The Big East Basketball Tournament & MSG …The end of an era
OF UNEXPLAINED SMILES AND LINGERING SCENTS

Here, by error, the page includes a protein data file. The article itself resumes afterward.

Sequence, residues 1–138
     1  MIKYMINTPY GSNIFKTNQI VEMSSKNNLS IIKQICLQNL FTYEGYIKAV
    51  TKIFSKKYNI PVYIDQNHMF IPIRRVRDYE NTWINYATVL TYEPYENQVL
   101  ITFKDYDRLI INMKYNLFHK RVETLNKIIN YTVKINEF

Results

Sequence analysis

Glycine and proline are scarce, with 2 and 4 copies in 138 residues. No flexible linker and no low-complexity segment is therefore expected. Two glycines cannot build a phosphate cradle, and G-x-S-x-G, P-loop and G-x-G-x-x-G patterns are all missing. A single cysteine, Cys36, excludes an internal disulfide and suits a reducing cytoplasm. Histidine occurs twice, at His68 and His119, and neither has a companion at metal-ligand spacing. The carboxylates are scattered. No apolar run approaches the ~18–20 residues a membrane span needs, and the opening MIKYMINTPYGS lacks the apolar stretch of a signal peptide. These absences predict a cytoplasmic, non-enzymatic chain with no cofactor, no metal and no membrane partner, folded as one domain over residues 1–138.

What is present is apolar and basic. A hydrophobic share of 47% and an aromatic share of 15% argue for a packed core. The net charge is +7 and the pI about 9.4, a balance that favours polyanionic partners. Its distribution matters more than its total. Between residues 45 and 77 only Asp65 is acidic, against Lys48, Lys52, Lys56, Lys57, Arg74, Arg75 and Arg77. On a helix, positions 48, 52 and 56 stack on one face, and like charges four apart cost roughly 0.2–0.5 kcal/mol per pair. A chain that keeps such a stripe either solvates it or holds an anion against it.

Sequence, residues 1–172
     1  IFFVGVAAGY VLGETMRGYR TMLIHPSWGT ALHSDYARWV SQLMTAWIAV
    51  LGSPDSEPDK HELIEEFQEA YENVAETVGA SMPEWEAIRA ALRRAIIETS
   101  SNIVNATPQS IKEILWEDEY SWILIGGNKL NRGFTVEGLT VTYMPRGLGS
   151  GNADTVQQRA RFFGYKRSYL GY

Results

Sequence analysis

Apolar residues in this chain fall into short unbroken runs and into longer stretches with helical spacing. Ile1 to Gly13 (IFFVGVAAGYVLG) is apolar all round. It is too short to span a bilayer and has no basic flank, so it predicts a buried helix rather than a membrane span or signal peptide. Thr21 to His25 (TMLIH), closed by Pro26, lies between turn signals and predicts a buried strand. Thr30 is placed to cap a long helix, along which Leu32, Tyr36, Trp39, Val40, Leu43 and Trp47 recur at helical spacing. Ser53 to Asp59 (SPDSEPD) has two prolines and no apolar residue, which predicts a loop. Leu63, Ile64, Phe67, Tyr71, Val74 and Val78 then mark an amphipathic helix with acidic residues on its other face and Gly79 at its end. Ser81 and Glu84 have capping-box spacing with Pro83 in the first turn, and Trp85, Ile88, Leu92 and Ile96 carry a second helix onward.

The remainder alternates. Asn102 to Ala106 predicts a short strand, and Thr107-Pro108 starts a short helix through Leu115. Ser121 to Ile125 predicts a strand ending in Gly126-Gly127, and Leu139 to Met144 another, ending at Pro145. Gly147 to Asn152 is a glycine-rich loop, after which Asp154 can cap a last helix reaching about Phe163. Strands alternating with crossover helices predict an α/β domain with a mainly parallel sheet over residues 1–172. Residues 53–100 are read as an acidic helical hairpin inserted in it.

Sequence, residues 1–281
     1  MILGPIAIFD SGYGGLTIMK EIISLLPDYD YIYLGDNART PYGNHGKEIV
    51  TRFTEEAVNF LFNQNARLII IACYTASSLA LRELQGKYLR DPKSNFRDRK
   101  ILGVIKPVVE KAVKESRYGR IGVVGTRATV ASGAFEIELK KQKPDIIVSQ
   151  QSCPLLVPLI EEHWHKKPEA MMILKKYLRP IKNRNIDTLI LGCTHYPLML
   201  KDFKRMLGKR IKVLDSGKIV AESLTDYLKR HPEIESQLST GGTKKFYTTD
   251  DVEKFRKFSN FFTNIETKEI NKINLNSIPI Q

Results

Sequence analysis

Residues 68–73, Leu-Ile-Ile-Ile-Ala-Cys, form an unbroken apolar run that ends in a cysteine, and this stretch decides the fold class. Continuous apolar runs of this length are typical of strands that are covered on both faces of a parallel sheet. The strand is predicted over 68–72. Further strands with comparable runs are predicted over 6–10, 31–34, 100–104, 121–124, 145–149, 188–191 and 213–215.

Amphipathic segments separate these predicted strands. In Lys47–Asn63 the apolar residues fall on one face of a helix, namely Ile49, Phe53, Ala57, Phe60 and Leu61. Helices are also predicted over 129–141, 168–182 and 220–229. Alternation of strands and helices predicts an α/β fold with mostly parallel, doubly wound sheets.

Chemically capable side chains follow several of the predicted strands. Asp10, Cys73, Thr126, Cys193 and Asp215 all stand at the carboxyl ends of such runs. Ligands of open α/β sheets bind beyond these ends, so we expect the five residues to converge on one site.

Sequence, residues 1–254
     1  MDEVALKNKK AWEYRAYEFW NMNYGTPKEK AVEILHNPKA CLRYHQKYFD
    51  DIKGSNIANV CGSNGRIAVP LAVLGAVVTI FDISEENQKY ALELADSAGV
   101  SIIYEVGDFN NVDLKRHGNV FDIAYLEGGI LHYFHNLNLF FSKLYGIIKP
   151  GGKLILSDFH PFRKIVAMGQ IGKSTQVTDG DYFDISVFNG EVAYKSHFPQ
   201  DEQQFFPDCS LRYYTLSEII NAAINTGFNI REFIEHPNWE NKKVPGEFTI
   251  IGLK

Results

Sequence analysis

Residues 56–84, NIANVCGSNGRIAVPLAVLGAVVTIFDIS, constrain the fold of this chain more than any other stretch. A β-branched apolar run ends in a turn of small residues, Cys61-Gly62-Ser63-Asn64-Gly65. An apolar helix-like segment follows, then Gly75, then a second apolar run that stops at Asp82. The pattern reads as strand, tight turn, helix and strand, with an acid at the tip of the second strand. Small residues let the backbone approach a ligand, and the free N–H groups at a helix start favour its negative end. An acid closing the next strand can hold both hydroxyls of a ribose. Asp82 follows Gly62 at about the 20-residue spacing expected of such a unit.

You expect more from a last dance. A memory, perhaps a last kiss, that years later becomes an unexplained smile while watching a sunset on a summer evening. Lingering over the scent of perfume on the shoulder of a tuxedo before it’s returned to the rental agent. An experience enhanced in the mind every time it returns to the forefront, not a quick handshake or a pat on the back and a “Thanks for coming, maybe we can do it again some time.” There don’t seem to be any such lingering sentiments about the last dance in the Big East, the final tournament at Madison Square Garden, which has housed the biggest event in the biggest college basketball conference in the nation for more that three decades. It is no longer about sentiment in college sports, it’s about money, and money can’t buy one from the heart, not heartfelt. After playing his final game in the biggest series in Big East history, against UConn, before heading to the ACC, Syracuse coach Jim Boeheim said only that scheduling UConn again might be a possibility, but it would never again have the rivalry impact of being in the same league. On approaching his final game with Georgetown, a matchup of two of the three programs that gave the Big East it’s earliest national profile, Boeheim was just as heartless. Georgetown may find it’s way onto the Syracuse schedule at sometime in the future, but, other than for those sentimental, Boeheim can’t think of any reasons for making it a priority. The priority, if there is one for putting a former Big East opponent on the schedule, particularly one of the seven Catholic defectors, would lie with St. John’s, with sentiment playing no part. A built in opportunity to offer recruits a dance on the biggest stage in college basketball, Madison Square Garden in midtown Manhattan, was a valuable recruiting tool that Boeheim can no longer carry with him into the living rooms of the top high school players in the nation. Getting St. John’s back on his schedule is a top priority, with the caveat that the games be played at Madison Square, where Syracuse can maintain a Big Apple presence. The only lingering scent that holds any sentiment for Boeheim is that of fresh ink on a letter of intent and there’s nothing unexplained about the smile that goes with it. There should be something celebratory about the last dance, but the last Big East tournament at Madison Square Garden feels more like business as usual, with smaller crowds and less fanfare. Maybe the final four will add some spark, but for now it’s more like a wake over the death of Dave Gavett’s child, when it should be a celebration of the accomplishments of a once proud prodigy. There is no guarantee that the new Big East will bring it’s spring cottillion back to the grand ballroom, all they take with them is the right to negotiate for it. Also envious of the Garden is the ACC, which may, at some point in the future, make a certain local entry a valuable entity. But, for now, the lights are going dim and it’s time to leave the dance floor. There will be many fond memories of this once sizzle soaked week in New York, Ray Allen burying a monumental trey, Kemba Walker hoisting his team on his back, Ewing and Mullin, Ron Rowan to Mark Jackson and, “I looked at the clock and it was time to go”, but the last dance will not be one of them. No unexplained summer night smiles, no lingering scent of perfume on the rented tux. With a comment from the sports world, I’m Scott Gray.